Muslim leader Chowdhury Mueen-Uddin never advocated for author Salman Rushdie to be lynched. Because the BBC’s Radio 5 Live Breakfast show host Nicky Campbell reported that he had, the network had to apologize, and pay “substantial libel damages” and legal costs, the Press Gazette reported.
Mueen-Uddin did lead protests against Rushdie’s novel “The Satanic Verses” back in 1989. However, he stopped short of calling for the author’s death, and he brought legal action over the BBC’s false claims, a suit that has now been settled.
A BBC spokesperson pointed iMediaEthics to the BBC’s Corrections & Clarifications page, where there is a correction and apology. The BBC aired an on-air apology Jan. 20. iMediaEthics has contacted the BBC to confirm it paid “substantial libel damages” and costs and that the matter is resolved.
In 2013, Mueen-Uddin, who was born in Bangladesh but is now a British citizen, was convicted in absentia and sentenced to death for war crimes committed in Bangladesh in 1971. He denies the claims.
At the time, the BBC noted of the trial, “The proceedings of the International Crimes Tribunal have come under criticism from several rights groups, including the New York-based Human Rights Watch, which has described the trials as flawed.”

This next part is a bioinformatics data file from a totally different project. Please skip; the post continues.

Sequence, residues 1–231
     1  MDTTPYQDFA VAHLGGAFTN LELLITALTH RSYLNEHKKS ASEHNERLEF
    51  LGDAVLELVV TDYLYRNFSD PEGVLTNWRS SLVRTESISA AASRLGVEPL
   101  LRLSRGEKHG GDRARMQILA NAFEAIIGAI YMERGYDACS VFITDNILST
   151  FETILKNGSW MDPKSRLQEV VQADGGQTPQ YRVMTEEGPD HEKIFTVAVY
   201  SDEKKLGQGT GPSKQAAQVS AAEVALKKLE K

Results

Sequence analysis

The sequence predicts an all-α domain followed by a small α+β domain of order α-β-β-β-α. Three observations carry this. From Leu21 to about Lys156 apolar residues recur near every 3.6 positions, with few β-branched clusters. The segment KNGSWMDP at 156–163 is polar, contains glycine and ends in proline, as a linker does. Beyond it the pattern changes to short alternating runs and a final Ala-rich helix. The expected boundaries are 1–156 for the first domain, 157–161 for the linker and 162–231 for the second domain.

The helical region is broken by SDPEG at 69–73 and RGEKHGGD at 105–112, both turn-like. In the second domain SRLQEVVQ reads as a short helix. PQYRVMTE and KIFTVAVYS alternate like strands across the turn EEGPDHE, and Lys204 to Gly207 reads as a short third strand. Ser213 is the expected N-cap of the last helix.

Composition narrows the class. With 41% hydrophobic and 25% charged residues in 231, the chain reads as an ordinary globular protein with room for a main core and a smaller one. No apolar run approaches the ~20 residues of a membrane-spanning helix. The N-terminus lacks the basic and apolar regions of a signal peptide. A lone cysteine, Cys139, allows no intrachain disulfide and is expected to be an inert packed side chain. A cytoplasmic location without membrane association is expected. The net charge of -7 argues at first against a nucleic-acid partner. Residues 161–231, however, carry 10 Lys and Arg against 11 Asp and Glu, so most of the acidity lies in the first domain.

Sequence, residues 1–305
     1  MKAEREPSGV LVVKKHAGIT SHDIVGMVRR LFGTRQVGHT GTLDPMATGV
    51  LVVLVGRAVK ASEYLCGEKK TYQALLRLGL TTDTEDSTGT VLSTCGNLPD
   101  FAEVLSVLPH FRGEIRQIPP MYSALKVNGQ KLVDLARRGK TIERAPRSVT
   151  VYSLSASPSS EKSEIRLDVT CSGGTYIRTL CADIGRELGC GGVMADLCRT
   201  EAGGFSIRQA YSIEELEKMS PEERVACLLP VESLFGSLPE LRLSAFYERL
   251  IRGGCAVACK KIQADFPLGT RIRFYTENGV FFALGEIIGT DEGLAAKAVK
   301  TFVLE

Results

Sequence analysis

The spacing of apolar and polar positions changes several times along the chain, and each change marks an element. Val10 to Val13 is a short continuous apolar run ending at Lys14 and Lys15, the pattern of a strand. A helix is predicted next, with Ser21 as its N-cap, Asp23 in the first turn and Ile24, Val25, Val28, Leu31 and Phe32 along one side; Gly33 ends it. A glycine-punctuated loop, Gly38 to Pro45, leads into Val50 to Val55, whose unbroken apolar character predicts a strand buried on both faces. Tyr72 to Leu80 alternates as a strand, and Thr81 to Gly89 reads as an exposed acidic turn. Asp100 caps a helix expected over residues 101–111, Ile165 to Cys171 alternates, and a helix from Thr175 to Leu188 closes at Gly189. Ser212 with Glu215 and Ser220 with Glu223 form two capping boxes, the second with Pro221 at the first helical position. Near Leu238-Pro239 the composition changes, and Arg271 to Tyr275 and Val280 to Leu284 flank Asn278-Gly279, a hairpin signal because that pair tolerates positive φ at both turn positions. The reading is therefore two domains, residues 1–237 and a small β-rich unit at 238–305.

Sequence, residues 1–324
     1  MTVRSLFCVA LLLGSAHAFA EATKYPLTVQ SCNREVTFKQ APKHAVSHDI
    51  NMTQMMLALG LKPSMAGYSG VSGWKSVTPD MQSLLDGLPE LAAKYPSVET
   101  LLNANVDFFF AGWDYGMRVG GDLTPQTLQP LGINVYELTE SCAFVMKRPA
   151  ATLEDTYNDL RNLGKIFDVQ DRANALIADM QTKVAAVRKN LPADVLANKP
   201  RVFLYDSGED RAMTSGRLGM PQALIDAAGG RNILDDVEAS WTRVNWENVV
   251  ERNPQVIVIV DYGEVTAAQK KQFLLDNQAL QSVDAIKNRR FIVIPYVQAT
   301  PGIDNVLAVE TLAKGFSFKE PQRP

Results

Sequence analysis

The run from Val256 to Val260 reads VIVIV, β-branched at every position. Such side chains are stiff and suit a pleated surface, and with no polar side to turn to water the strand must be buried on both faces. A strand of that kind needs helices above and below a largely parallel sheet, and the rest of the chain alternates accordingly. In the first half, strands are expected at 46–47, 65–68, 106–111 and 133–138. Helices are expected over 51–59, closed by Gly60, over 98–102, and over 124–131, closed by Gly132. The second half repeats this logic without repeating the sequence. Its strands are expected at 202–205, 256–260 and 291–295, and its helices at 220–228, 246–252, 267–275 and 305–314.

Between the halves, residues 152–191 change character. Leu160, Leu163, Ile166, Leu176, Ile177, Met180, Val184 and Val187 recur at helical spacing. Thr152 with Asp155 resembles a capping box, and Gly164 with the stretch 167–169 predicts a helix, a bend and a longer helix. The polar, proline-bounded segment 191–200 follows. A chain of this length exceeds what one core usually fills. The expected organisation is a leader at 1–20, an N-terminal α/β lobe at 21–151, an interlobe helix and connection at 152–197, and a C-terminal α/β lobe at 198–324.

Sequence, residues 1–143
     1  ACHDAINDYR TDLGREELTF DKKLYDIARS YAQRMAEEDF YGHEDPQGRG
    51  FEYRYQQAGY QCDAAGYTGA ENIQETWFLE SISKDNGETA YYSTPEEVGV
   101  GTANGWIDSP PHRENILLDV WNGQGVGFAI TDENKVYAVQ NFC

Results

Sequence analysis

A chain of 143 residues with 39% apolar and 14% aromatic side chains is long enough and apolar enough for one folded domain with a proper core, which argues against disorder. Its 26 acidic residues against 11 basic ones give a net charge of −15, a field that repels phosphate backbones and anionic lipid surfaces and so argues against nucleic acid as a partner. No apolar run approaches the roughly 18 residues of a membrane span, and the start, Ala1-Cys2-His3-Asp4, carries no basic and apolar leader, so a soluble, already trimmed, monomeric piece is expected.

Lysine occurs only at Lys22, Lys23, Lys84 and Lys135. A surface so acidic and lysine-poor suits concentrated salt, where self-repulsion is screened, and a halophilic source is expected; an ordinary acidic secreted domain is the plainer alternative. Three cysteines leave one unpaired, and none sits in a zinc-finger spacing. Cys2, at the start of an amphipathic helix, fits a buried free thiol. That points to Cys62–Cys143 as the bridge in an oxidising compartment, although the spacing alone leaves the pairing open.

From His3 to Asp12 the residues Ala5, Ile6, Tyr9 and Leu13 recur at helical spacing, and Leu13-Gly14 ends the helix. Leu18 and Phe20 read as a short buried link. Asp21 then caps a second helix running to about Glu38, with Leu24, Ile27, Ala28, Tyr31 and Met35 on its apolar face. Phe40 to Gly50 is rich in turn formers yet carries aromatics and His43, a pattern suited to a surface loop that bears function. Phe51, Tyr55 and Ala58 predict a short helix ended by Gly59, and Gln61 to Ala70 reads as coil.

Mueen-Uddin says on his website he is director of Muslim Spiritual Care Provision in the UK’s National Health Service, and that he helped establish the Muslim Council of Britain and is a chairman and board member for Muslim Aid. iMediaEthics has asked his lawyers for confirmation of his current affiliations.
“During the BBC Radio 5 Live breakfast programme on 25 August 2016, in an interview with Omer el-Hamdoon, Deputy Secretary General of the Muslim Council of Britain, we suggested that Chowdhury Mueen-Uddin had called for the lynching of Salman Rushdie.
“The BBC has been asked by Mr Mueen-Uddin to make clear, and it accepts, that while like many Muslims he found the Satanic Verses highly offensive to Muslims and their faith, at no stage did he advocate for or campaign for Mr Rushdie to be lynched or in any way harmed. The BBC apologises to Mr Mueen-Uddin for the distress and damage this statement caused him.”
iMediaEthics contacted Mueen-Uddin’s lawyers, who provided us with a statement published on his lawyers’ website. Mueen-Uddin called the claims “completely unfounded” and “highly distressing.” iMediaEthics has asked his lawyers to confirm this legal action is completely resolved.
“I, like many Muslims, found the Satanic Verses highly offensive to Muslims and our faith; however at no stage did I advocate or campaign for Mr Rushdie to be lynched or in any way harmed, or condone those who did,” he is quoted as saying.
Mueen-Uddin published the audio of the apology on his website.
UPDATED: 3/4/2017 10:06 AM EST
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